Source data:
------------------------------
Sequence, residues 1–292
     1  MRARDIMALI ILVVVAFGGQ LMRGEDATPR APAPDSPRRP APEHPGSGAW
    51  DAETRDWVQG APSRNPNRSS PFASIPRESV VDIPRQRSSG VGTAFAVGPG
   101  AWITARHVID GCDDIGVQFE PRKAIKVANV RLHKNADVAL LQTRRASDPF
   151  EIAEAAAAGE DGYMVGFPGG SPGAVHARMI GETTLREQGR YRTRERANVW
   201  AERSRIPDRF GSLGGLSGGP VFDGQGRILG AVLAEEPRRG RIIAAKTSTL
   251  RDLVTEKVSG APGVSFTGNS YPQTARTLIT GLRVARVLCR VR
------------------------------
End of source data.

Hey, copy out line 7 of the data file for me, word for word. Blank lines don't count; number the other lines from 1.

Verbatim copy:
   251  RDLVTEKVSG APGVSFTGNS YPQTARTLIT GLRVARVLCR VR